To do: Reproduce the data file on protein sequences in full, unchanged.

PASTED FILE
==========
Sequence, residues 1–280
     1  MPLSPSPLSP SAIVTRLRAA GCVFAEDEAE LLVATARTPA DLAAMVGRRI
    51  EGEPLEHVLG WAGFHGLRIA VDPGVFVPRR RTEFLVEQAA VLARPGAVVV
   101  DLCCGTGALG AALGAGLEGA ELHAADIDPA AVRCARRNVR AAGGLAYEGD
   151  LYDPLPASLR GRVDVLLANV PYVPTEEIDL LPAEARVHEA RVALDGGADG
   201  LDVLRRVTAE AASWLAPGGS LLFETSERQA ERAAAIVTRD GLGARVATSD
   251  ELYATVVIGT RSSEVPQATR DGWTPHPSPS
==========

Sequence, residues 1–280
     1  MPLSPSPLSP SAIVTRLRAA GCVFAEDEAE LLVATARTPA DLAAMVGRRI
    51  EGEPLEHVLG WAGFHGLRIA VDPGVFVPRR RTEFLVEQAA VLARPGAVVV
   101  DLCCGTGALG AALGAGLEGA ELHAADIDPA AVRCARRNVR AAGGLAYEGD
   151  LYDPLPASLR GRVDVLLANV PYVPTEEIDL LPAEARVHEA RVALDGGADG
   201  LDVLRRVTAE AASWLAPGGS LLFETSERQA ERAAAIVTRD GLGARVATSD
   251  ELYATVVIGT RSSEVPQATR DGWTPHPSPS